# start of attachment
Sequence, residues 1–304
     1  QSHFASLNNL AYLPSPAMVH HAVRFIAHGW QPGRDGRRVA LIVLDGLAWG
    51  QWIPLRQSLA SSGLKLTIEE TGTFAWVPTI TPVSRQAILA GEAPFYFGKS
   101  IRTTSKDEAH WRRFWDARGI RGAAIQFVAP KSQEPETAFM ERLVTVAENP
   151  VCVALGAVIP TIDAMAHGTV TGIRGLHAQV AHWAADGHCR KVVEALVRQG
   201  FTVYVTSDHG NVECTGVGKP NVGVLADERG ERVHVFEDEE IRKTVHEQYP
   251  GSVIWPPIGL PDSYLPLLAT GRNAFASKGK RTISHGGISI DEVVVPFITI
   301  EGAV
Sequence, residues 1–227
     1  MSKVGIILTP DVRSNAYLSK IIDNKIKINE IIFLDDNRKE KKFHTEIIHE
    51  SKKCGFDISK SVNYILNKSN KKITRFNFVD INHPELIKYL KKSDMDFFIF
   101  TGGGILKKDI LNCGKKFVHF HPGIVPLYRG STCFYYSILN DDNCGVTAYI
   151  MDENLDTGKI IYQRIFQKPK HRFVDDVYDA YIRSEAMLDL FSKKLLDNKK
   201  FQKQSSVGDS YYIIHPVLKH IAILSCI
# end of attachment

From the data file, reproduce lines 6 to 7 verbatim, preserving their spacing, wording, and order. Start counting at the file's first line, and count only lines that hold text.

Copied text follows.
   201  FTVYVTSDHG NVECTGVGKP NVGVLADERG ERVHVFEDEE IRKTVHEQYP
   251  GSVIWPPIGL PDSYLPLLAT GRNAFASKGK RTISHGGISI DEVVVPFITI